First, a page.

Guest post by Jennifer K. Halford, Esq.
I was speaking last week with a business owner who suffered through an ugly dissolution of his business partnership. He and his friend had been in business together for over eighteen years. And they never saw the dissolution of their business or their friendship coming.
People go into business with their friends believing that the friendship will endure. And that is often true when the business is doing well and the bills are getting paid.
But what happens when finances get tight and tensions are raised? What if your friend stops contributing her best efforts towards your business? What happens if you disagree over the future of the business?
You don't have to lose your friend to have a business partner.
You can survive your business and stay friends. You just need to take action now to avoid future problems. Here are five things you must do:
1. Have an honest conversation: Discuss your roles and responsibilities with the business. Make sure everyone's expectations are clear and in writing.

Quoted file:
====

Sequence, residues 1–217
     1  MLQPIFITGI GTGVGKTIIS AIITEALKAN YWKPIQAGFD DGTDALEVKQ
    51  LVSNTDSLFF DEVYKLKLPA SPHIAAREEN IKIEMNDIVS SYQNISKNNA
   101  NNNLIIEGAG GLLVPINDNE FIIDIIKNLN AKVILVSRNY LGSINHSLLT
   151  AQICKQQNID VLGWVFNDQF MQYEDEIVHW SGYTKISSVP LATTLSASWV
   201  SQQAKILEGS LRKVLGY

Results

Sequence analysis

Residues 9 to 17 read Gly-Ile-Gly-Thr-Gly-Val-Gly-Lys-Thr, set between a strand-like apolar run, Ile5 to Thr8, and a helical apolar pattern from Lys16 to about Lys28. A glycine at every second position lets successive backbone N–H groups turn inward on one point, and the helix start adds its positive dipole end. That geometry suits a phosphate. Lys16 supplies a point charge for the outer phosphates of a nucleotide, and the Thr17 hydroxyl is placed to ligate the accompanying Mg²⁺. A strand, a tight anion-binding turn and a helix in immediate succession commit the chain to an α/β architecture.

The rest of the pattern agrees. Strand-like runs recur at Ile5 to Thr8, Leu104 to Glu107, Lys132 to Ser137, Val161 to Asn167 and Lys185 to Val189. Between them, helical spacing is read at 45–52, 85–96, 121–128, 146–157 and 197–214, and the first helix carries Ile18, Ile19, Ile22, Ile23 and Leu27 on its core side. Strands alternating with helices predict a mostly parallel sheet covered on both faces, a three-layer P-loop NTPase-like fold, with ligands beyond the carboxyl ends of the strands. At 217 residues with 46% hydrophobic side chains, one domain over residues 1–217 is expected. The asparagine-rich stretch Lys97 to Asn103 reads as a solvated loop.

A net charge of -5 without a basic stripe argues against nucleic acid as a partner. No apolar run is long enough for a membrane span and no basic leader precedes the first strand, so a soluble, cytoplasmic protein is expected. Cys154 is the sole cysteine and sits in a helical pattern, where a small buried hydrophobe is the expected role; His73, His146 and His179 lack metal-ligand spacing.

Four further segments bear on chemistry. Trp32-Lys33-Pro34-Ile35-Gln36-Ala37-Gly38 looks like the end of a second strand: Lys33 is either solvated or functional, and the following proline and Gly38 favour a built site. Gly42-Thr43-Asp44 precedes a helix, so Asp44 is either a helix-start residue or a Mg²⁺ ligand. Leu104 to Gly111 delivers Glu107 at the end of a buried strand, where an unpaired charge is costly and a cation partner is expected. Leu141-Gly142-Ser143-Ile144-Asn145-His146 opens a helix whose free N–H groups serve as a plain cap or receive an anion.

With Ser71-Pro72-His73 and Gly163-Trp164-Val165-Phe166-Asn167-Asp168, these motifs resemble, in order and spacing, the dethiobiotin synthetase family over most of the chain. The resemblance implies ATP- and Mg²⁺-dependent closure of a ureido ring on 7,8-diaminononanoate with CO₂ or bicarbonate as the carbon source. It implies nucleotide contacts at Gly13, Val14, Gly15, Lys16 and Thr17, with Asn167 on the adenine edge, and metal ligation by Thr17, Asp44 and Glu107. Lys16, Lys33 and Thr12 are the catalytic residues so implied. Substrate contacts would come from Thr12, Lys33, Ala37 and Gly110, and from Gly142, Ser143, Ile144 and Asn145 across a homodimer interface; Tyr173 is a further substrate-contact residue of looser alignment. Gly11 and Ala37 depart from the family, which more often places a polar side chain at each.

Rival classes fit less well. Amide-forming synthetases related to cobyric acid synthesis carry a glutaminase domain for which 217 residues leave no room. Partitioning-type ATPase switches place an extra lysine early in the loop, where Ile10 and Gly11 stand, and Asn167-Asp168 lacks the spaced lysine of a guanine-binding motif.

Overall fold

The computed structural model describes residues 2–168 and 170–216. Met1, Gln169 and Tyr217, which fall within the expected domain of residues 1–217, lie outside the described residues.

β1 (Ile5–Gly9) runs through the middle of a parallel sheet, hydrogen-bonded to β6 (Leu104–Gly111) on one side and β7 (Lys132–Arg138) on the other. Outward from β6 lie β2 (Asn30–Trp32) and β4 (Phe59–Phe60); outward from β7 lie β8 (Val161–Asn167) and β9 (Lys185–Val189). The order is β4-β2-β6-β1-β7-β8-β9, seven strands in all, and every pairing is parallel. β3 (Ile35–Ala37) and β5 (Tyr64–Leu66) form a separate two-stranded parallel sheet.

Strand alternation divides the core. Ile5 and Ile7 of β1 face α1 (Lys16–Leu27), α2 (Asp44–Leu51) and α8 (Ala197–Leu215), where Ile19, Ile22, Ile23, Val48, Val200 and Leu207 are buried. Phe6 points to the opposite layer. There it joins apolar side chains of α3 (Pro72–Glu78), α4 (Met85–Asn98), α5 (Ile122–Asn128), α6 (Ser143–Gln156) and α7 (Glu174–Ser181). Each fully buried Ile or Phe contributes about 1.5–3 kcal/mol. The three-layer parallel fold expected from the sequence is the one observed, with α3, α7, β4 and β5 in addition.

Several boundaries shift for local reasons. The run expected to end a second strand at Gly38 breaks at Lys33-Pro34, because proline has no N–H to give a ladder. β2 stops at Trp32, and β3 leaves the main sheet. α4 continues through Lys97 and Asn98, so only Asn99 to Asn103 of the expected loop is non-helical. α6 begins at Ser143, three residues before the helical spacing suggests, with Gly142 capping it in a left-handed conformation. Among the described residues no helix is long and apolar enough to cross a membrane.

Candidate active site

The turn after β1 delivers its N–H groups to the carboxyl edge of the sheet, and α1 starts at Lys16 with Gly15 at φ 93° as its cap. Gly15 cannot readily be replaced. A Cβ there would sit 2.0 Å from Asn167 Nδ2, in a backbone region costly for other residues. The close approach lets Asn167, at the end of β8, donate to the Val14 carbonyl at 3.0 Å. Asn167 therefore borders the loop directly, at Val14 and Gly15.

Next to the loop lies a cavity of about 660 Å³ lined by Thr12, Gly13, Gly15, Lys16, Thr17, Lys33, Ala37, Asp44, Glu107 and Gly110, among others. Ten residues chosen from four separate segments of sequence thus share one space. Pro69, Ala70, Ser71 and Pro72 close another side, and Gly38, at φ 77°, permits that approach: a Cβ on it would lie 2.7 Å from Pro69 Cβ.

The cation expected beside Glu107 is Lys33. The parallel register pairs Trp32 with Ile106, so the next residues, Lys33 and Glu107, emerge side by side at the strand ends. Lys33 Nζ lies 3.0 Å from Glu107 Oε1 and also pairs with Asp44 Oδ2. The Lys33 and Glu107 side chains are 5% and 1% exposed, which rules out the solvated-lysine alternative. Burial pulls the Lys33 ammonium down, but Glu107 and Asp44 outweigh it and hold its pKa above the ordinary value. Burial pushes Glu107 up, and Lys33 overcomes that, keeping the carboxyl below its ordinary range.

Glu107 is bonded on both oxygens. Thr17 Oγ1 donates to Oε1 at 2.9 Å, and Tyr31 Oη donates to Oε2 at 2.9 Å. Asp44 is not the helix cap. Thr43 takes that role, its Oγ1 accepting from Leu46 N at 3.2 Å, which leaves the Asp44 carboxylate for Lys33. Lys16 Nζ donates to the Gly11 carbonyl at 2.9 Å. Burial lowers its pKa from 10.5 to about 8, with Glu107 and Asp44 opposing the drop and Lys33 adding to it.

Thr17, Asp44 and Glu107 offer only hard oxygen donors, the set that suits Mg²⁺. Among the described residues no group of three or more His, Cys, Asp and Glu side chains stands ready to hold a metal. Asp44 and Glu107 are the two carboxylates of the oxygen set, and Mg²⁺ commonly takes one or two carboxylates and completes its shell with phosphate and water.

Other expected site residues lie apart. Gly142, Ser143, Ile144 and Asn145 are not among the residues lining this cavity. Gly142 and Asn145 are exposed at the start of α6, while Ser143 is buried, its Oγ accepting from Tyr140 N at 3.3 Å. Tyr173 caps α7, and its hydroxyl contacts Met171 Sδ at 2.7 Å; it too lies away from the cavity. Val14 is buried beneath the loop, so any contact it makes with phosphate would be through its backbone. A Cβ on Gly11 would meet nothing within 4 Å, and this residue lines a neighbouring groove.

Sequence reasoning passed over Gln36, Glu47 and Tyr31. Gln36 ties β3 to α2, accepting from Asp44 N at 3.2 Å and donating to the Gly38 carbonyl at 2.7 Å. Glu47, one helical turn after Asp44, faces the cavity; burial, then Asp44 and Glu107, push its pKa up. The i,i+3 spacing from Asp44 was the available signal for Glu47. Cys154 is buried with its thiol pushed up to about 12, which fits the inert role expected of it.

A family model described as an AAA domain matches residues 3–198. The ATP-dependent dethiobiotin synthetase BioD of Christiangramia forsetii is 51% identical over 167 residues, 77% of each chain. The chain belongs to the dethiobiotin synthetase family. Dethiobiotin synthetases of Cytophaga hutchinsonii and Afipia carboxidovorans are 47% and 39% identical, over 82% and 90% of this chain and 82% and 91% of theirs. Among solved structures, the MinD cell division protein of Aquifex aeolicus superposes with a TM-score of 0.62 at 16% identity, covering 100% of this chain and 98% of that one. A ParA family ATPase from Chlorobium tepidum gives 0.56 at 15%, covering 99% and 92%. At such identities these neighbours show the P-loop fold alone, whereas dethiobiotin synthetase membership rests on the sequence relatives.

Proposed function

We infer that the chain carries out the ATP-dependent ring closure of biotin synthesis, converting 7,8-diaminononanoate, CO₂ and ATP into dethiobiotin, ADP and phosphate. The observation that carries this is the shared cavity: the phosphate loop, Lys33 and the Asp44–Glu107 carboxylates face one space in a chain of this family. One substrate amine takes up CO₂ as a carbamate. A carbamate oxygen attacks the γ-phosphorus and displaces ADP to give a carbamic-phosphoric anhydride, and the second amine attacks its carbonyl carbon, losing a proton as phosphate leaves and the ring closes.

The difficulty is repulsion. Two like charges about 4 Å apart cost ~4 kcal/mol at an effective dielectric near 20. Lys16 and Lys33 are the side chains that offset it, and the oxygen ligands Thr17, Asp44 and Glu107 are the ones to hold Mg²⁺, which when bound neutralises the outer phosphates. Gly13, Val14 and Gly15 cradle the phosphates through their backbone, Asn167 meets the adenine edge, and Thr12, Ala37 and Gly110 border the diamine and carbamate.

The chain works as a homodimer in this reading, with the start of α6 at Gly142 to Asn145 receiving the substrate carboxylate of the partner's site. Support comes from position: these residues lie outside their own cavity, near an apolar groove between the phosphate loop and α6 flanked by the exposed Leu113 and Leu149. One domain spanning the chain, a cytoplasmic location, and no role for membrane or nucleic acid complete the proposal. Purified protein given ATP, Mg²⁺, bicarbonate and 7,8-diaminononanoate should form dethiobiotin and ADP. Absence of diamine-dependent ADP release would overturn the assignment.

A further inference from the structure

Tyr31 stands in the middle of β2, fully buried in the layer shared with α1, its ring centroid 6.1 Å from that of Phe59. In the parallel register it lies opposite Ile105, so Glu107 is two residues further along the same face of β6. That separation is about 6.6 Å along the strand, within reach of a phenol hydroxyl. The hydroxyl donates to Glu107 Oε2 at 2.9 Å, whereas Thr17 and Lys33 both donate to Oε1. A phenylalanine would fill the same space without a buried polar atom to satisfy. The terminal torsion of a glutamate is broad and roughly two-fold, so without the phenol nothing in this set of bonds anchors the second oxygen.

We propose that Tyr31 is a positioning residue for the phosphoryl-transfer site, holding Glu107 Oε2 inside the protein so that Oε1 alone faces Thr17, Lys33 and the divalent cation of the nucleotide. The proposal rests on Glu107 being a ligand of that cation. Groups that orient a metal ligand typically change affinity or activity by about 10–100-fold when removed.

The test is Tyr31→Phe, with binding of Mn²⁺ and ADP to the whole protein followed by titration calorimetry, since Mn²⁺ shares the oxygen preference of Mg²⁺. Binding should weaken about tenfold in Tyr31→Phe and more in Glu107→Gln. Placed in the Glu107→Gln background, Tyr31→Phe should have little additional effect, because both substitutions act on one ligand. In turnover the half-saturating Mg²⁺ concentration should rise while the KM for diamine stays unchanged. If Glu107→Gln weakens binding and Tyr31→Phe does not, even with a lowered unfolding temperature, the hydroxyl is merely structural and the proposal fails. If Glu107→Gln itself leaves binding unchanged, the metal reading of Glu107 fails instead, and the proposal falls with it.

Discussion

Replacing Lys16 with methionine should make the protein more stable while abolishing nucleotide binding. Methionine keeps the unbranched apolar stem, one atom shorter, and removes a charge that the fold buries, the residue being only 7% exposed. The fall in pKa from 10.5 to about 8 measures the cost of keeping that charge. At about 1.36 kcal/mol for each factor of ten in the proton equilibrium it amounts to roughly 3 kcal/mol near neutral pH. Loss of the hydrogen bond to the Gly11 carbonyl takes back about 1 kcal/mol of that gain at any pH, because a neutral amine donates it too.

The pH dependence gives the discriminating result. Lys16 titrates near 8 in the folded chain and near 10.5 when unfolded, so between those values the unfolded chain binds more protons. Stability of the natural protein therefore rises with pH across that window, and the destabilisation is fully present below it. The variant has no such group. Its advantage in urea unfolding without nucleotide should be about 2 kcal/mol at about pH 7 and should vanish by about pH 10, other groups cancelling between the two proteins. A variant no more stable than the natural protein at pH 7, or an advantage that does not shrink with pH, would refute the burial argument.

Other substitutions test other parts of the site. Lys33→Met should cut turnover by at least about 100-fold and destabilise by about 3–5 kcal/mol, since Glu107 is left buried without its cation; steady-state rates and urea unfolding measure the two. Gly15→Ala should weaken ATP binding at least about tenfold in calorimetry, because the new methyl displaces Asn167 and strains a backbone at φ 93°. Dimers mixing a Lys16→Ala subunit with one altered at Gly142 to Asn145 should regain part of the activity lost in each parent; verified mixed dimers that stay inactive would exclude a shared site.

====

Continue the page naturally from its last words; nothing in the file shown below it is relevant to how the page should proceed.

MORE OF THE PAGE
2. Create a written agreement: Put your business agreement in writing. Your partnership agreement or limited liability company operating agreement should set forth a process to resolve disputes. It should also include a strategy for one to peacefully buyout the other in the event one of you wishes to leave.
3. Hire separate attorneys to review your agreement: Your business attorney can review the agreement on behalf of the business. But you and your friend should each hire a different attorney to review the document to make sure you are individually protected and to explain how the agreement affects you.
4. Communicate openly and often, but remember that business is business: Be upfront about issues in the workplace. Address issues early on to avoid their growing into larger disputes. But remember to leave your business issues at the office.
5. Spend time together outside of work: You may now see each other daily at work. But you still need to make time to see each other outside of the office. Do the things you used to do together as friends before you became business partners. It will remind you of the importance of your friendship and help alleviate business tensions.
Jennifer K. Halford is an attorney whose practice focuses on business law and estate planning. She is also a professor at California State University, Chico, where she teaches Entrepreneurial Law.